Misunderstanding meaningness makes many miserable

Existential suffering

I was inspired to write this book when I saw many of my friends struggling with the question “what is my true purpose in life?”

This struggle makes you miserable. Finding your “true mission” is difficult. It might seem that it ought to be obvious, but my friends seemed to fail repeatedly. There is no pragmatic, straightforward means to discover your mission; you need to use non-ordinary techniques, such as psychotherapy, divination, or dream work. At times they would be excited because they had finally found it—but a month or two later, they realized they had been mistaken. What they had thought was their true mission turned out not to be. Then they would lapse into depression, for months or years, during which they seemed to do nothing much—just surviving. Of course, they said, since they didn’t know what they were supposed to be doing, it was not surprising that they weren’t accomplishing anything.

I think the reason you can’t find your mission in life is that there is no such thing. That answer seems unacceptable, though, if there is only one alternative: materialism.

If there is not something I was put on earth to do, perhaps all that’s left is to join the rat-race of accumulation and personal gratification? But everyone understands that is unsatisfying: a dead end. We have tried materialism, and seen that it fails. You can pursue money, sex, popularity, and power for a while, but either you find you can’t get enough, or it turns to cardboard in your mouth when you do.

Damned if you do, damned if you don’t. Some people pursue mission relentlessly; others materialism. Most flip-flop. In any case, these alternatives both produce disappointment, depression, at times anguish.

This is an example of what we could call “existential suffering” or “spiritual suffering.” It is suffering due to one’s relationship with meaningness. Purpose is one dimension of meaningness.

I believe this kind of suffering is unnecessary. It is caused by wrong attitudes toward meaningness. Those can be replaced with accurate ones, and then you are freed from it.

Of course, most suffering is not existential, or spiritual. Most suffering is practical: concrete circumstances are unsatisfactory. I haven’t got much to say about practical suffering, except that it often has practical solutions. Spiritual suffering is eradicated by replacing supposedly-spiritual problems (like “what is my life purpose?”) with practical ones—which you may be able to make progress on.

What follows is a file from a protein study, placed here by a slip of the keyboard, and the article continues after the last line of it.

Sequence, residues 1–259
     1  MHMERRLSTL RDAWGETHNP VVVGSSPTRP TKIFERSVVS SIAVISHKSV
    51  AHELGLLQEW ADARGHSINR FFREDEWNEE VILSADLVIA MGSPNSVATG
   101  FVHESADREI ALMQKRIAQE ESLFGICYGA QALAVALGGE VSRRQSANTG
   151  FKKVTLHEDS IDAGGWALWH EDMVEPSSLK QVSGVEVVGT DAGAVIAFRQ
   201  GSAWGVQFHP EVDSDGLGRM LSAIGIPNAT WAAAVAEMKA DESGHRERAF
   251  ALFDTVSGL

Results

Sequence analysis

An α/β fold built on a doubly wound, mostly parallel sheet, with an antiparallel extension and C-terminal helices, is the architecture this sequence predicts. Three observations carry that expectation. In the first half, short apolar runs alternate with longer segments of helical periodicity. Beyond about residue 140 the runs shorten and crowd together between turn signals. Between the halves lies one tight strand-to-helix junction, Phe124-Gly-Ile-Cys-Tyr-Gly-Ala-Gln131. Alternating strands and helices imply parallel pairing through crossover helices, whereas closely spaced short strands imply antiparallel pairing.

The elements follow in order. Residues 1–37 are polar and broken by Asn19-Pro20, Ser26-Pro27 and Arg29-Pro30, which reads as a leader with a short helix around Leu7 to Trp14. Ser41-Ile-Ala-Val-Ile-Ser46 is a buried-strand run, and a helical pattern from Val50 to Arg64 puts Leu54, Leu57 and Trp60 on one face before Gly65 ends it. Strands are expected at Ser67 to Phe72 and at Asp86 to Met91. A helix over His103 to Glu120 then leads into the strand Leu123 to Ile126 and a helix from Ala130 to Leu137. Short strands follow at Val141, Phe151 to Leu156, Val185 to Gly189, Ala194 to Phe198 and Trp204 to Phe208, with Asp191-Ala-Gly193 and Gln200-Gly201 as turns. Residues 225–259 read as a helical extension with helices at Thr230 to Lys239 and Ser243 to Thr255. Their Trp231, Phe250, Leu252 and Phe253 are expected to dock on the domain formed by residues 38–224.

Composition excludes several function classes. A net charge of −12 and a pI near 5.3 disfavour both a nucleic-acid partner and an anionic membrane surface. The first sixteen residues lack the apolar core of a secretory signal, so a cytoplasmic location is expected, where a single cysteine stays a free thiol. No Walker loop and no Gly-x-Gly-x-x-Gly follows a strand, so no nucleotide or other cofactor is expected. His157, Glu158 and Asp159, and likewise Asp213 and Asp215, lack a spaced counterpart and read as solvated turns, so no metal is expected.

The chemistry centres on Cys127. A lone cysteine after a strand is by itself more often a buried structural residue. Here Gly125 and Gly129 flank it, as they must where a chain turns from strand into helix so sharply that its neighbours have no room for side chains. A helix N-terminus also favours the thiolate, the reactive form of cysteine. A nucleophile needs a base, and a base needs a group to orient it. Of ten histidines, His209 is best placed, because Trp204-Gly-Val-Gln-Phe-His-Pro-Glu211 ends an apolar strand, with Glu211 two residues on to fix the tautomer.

Mission and materialism are not the only possibilities. You can, instead, do things that you enjoy and that are useful to others.

“But how do I know what to dedicate my life to?” Wrong question… a good question to ask instead is “What is something I can do now that will be both enjoyable and useful?” That’s a practical problem. You can find answers without using religious or therapeutic voodoo.

It’s an unattractive question, however. “What is my true mission in life?” promises that if only you can find the answer, and you throw your whole self into your mission, you will be a very special person. Along the way, you will have certainty, and when you die, you will die justified.

“What’s something useful and enjoyable I can do now?” prompts the answer “Who cares—so what?” Mere usefulness and enjoyability doesn’t sound good enough. This “complete stance”—of enjoyable usefulness—is emotionally unattractive at first. Once accepted, though, it does eliminate the anguish of an existential dilemma. If you can let go of the grandiosity that leads you to imagine that some special task awaits you, and the false hope that getting enough of what you want would make life satisfactory, you can be useful and enjoy yourself. That letting-go takes some doing; I will suggest ways to go about it.

This book addresses a series of dilemmas of this sort. I call them “dimensions of meaningness.” Each dimension has a limited number of possible approaches, or “stances.”

The commonly available confused stances are each unworkable, because they are based on misunderstandings of how meaning works. For example, it is easy to waste a huge amount of emotional energy trying to be special or ordinary; to while your life away in mindless conformity or unrealistic rebellion; to play the victim or fail when you attempt to take total responsibility for your world. Adopting those stances makes you miserable.

For each dimension, I suggest an uncommon, alternative stance that resolves the misunderstanding, and turns a spiritual problem into a practical one.

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The next page in book-reading order is Stances: responses to meaningness.

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This page’s topics are Meaningness, Purpose, and Starting points.

General explanation: Meaningness is a hypertext book (in progress), plus a “metablog” that comments on it. The book begins with an appetizer. Alternatively, you might like to look at its table of contents, or some other starting points. Classification of pages by topics supplements the book and metablog structures. Terms with dotted underlining (example: meaningness) show a definition if you click on them. Pages marked with ⚒ are still under construction. Copyright ©2010–2017 David Chapman.